Common ways of trialling
In QuickTrials there are different ways a trial can be defined depending on the outcome you want to achieve. We’ve been listening to our customers and also looking at how traits are used over time. A key aspect is how to measure a trait, from an actual measurement technique point of view, but also from a timing and sampling perspective. Getting this right makes it easier to analyse the data later and also define new trials in the future. Measuring has to be the same in technique, dimensionality and visits over all trials that you want to compare. This is why having a way of specifying it at the trait level makes most sense.
Even more efficient trial design
To make trial creation faster, by taking into account the common timing / sampling of trait measurements, we introduced a new feature called “Library trials”.
Library trials change the observation group and visit screens with simpler versions that take most of the information directly from the trait library. The trait definitions in the library have been extended to contain information about which visits a trait is measured in and what dimension items it is attached to. This makes the definition of a library trait more complete which allows it to be used more efficiently whenever defining a trial later. Library traits also help to ensure that measurements are conducted in the same way across different trials.
Library trials and derived traits
Library trials and derived traits play together especially well. Adding a derived trait to a Library trial will automatically add all referenced traits too. We now know the dimensionality and visits of those traits. This allows to keep the dimensionality / visits of a referenced trait independent of the original trait. As a result, you can for example have an averaging derived trait for a plot automatically place multiple sampled measurements into the trial so the average can be computed from them.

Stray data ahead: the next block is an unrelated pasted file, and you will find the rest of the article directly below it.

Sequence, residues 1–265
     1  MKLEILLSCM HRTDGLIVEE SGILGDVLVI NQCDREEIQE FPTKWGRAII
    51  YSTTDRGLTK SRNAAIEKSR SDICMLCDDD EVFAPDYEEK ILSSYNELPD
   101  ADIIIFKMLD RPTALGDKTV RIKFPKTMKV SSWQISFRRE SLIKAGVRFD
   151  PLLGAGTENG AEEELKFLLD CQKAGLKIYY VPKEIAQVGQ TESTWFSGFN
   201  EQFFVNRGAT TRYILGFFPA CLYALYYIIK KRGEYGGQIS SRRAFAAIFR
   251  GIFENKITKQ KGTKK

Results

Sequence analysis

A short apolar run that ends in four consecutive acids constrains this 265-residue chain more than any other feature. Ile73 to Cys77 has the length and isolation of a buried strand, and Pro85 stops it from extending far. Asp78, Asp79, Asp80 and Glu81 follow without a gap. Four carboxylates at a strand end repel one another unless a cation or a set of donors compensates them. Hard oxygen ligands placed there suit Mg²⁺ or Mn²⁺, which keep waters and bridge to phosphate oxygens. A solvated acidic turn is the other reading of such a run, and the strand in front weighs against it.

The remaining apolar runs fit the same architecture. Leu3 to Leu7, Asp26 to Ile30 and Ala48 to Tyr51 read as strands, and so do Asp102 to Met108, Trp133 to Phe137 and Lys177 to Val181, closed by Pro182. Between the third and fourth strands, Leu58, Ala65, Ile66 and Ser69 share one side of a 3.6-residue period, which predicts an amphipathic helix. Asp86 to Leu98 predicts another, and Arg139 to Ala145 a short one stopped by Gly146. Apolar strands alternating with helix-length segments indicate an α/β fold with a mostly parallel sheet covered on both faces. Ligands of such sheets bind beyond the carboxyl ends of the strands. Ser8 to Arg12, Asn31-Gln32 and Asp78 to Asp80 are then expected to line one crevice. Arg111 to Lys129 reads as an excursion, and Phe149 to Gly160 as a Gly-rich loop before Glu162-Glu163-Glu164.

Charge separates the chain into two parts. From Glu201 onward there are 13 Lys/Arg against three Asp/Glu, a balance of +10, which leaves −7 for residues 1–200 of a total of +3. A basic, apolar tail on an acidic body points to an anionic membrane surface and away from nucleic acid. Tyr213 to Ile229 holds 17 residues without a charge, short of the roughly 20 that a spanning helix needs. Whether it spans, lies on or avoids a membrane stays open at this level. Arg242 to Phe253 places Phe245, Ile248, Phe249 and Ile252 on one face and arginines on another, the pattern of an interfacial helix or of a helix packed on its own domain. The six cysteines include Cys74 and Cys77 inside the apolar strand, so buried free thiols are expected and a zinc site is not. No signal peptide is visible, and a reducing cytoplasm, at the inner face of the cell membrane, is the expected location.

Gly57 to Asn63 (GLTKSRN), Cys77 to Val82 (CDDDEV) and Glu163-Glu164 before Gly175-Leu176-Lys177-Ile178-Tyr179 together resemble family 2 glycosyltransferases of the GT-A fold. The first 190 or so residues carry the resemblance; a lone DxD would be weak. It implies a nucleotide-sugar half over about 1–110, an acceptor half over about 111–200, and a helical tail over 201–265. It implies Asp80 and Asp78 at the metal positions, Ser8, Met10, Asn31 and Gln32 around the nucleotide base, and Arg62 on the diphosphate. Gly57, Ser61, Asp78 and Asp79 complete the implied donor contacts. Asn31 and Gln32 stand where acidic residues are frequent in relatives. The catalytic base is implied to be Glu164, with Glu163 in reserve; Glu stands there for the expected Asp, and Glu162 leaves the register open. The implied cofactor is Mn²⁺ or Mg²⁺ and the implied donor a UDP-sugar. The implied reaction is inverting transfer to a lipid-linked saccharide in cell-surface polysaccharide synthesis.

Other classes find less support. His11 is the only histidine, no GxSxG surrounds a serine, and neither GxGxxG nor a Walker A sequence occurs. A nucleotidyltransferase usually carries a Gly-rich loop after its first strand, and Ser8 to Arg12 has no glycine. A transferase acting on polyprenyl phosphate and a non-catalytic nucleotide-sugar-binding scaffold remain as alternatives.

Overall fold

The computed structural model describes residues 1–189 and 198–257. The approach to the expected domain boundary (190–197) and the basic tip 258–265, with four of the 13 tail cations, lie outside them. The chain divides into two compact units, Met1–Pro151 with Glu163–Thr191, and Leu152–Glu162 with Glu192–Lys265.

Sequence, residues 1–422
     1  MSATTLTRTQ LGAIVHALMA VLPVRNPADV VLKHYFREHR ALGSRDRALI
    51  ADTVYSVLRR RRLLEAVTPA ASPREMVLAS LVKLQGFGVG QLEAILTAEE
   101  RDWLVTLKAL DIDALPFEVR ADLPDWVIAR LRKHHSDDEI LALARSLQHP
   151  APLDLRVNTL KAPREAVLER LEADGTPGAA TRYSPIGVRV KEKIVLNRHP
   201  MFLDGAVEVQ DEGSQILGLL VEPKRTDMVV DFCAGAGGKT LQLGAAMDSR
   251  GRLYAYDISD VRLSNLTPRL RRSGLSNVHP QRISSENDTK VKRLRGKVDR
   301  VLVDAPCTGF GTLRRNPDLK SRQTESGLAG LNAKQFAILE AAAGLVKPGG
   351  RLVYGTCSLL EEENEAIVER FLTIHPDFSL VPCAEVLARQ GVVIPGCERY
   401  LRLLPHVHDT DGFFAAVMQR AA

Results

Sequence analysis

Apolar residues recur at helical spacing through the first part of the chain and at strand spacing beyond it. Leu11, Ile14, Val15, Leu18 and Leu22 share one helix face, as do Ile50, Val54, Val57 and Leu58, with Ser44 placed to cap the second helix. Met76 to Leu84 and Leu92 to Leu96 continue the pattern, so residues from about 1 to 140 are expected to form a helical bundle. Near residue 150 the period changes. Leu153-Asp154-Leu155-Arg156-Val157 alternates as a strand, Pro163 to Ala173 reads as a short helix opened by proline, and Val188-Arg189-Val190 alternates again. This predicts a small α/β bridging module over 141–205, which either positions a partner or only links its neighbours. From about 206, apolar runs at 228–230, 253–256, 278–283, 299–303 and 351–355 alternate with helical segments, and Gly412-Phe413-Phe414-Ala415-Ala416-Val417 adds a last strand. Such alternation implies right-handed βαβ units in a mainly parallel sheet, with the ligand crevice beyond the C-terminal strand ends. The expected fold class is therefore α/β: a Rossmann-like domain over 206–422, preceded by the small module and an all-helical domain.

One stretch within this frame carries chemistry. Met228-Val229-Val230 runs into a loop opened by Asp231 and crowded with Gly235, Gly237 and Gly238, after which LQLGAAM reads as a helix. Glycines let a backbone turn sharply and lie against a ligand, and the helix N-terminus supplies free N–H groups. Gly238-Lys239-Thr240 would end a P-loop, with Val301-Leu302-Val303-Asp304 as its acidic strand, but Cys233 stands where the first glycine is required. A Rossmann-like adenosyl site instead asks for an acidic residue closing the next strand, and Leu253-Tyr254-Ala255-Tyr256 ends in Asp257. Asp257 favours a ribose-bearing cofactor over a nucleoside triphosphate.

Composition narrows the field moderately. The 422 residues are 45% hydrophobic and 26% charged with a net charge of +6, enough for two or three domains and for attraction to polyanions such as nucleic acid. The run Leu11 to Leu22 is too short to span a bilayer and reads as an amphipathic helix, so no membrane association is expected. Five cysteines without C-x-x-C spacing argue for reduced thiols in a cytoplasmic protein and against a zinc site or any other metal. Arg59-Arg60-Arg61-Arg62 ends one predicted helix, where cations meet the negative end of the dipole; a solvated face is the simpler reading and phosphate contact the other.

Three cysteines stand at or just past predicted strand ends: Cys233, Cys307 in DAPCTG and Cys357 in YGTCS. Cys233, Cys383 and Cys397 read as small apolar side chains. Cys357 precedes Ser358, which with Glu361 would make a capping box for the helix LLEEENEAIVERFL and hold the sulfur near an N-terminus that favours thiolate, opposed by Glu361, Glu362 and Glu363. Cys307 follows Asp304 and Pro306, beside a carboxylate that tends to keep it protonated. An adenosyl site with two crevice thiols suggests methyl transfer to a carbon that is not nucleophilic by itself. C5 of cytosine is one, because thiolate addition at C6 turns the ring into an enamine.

When to use library vs manual trials
Library trials work exceptionally well when traits are being reused in the same way (with regards to dimensionality and visits) across many trials. It helps shift work from many trials to a few traits.
There are some cases where using the manual grouping and visit placement is still preferable however:
- If the trait is often captured at different times, e.g. in one trial only once at harvest, in other trials at multiple times
- If the trait is often captured in different dimensionality, e.g. in one trial once per site, in another trial once per plot
- If situations where a subset of a visit must have an unknown number of repetitions.
A special feature of library trials is that they can be converted into manual trials (but not the other way around), and configured with more granularity after the conversion. Both types of trials benefit from using templates.
BEFORE: Dimensions, traits and visits are combined together in the template / trial by placing them in observation groups and visits for every trial
NOW: Dimensions, traits and visits already have a defined relation in the trait library. The trial only needs a list of traits to create the observation groups and visits automaticall
Moving from manual to library trials can be performed gradually if you want to. The steps to get there are as follows:
- Create visits in the Trait library -> Visits page. Each visit should have a name (e.g. “Harvest”, “Planting”, “Flowering”)
- Add dimensionality and visit information to each trait. If you have a similar trait measured in two ways, you can always create two traits that only differ in the new fields
- Create new templates in the new format. You can select it in the trial / template creation pop-up
- Use the new template as needed whenever creating trials
If you have questions or require assistance with any of these steps you can email us at firstname.lastname@example.org
We hope you will enjoy using Library trials for the power and flexibility they provide.
It’s a way to create trials more easily and ensure consistent results across many trials.